Cost cutting efforts produce profits faster than incremental sales improvements at the break even point. Many managers have already cut their cost of sales to the bone just to stay afloat. If you have squeezed all the juice from the lemon, try some new ideas. I'd start with direct operating expenses. Check on linen usage, sewage bills, utilities, garbage pickup, paper and disposable usage, and other costs which do not help produce additional sales.

You may be able to reduce your costs by closing earlier on many slower nights. Late night hours on slow nights are very unprofitable. Late night sales potential may not justify the labor costs. Compare your final hour's sales less the cost of goods sold to the labor costs for the same hour. If you can't cover labor, you'll save by closing earlier.

By finding cost savings and improving the quality of sales volume, operators can gain an edge over the competition.

Thursday, October 16, 2008

Some Let Up In Sight

Oil is trading below $70 a barrel today for the first time in over a year! Hopefully, we'll see the grain prices which have followed crude prices continue their downward trend. If you haven't locked prices on your high volume items, you may want to let the market drift lower.

Lower oil prices will eventually make the price of gas cheaper and this will give consumers more discretionary income. Your delivery fuel surcharges should be moving lower. As lower energy prices revive the food service model, we should find lower cost of goods sold, lower heating and cooling charges, and higher customer counts.

The federal government's recent decisions may not jump start the housing market but the inflation fears should be less. This will help keep interest rates low. Americans are adjusting to the reduced access to credit and they are watching their expenses closely. Value menus will still have the edge. QSR patrons like to build a meal from a value menu. Casual dining guests are searching for meals below $15.

Generally, the recent crisis should give way to a challenging but manageable business climate for restaurants. If you are in range of the break even point sales level, some proactive measures may help put you in the black. Make sure you challenge fuel surcharges. Look at the invoices from 2 years ago and document the increases. If you haven't been able to raise menu prices, the lower cost of sales will immediately help your bottom line. Stay on top of market conditions.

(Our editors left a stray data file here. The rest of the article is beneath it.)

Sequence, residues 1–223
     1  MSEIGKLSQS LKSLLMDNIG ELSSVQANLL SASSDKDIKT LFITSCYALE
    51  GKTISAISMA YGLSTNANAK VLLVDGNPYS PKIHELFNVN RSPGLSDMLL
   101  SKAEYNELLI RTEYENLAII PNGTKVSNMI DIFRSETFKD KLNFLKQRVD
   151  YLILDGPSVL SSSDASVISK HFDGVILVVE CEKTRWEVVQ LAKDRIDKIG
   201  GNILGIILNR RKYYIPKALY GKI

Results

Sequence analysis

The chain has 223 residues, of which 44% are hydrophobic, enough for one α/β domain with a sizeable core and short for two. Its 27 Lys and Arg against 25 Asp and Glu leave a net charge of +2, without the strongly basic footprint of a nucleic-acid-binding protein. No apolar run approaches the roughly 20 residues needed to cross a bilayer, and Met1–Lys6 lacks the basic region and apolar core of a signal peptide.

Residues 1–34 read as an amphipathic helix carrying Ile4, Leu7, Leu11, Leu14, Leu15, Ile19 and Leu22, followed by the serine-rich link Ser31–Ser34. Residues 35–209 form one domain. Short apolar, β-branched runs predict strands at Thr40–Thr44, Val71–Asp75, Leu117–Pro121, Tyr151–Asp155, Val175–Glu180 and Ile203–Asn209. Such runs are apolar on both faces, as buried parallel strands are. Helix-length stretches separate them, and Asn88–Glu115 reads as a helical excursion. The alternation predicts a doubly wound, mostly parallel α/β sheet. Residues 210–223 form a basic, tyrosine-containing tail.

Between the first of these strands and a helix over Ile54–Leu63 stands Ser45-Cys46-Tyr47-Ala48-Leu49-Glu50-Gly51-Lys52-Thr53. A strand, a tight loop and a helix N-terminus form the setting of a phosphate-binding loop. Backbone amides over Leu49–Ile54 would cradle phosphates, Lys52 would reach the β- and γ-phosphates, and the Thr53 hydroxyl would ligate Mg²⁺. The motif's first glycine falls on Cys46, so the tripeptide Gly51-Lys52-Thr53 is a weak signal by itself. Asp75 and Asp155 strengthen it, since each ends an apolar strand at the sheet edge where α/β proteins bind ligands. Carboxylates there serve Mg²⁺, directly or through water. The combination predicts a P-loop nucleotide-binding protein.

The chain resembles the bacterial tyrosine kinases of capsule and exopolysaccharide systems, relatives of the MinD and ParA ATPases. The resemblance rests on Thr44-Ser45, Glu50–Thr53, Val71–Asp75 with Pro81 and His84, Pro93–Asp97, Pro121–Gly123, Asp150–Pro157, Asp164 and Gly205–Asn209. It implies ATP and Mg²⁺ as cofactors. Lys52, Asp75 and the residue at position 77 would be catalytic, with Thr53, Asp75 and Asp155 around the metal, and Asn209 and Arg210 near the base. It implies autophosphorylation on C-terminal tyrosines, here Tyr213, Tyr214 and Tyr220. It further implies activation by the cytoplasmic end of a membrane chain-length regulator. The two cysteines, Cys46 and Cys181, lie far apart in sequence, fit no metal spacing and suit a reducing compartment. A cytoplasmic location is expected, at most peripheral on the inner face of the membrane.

David Maloni, of American Restaurant Association, now offers a free portal Commodity Central with daily trends in the futures markets. Both Hogs and Corn futures are down over 4% today. If these trends persist, you'll see lower invoice prices.

Sunday, September 28, 2008

Leveraging Your Investment in Food Cost Control

The current economy presents a once in a lifetime opportunity for the operators who have an effective food cost control system in place. Imagine adding rampant commodity price increases to an out of control food cost mess. Can you picture the meetings in operations with soaring food prices, theft, poor ordering, waste and lousy portion control? Obviously, the managers who were already abusing the lax system will contribute all the bad news to the market conditions.

If you are on top of your costs, you can see the usage variances and the rate variances and put each in perspective. You have an enormous advantage over many of your compeitors. Many operators are avoiding the tough issues and calling attention to the rise in corn prices. Certainly, corn price increases have fueled a quantum leap increase in many food stocks. However, at this time corn prices have been trending lower and many companies are losing money despite menu price increases.

The companies who recognize the opportunity offered by their tight cost controls will prosper in difficult conditions. Look at McDonalds. Their stock is up over 15% in the last 365 days. They have always employed a tight cost control environment. Their perceived menu value and tight cost controls put them in the driver's seat.

Contrast the value menu concepts with the upscale, casual dining segment. How would you like to manage an upscale casual restaurant with the cost of sales completely out of control? Look at the industry press and you will see plenty of failures.

So you are in control. How should you take advantage of the weak competition? I would offer tremendous value to your guests. Use your advantage to make sure the competition isn't even close to making their menu a value proposition. Don't play games with menu prices and don't beg people to come to your restaurant. Let them come for the quality and value. Once the guest arrives, give them lots of extras. Get some buzz going through word of mouth.

Fresh baked rolls and desserts could get rave reviews with a minimal increase in food cost. Take advantage of the perceived major price hike in flour to create a competitive advantage. When bakers are in the news due to high flour prices, you can offer top notch baked goods as a complimentary extra.

I'm just using one example. You know your strengths. Use your tight cost control system as a weapon to win this war. Pick a few of your kitchen's advantages and feature these menu items and extras to defeat your competition.

Saturday, September 20, 2008

Food Cost Control ROI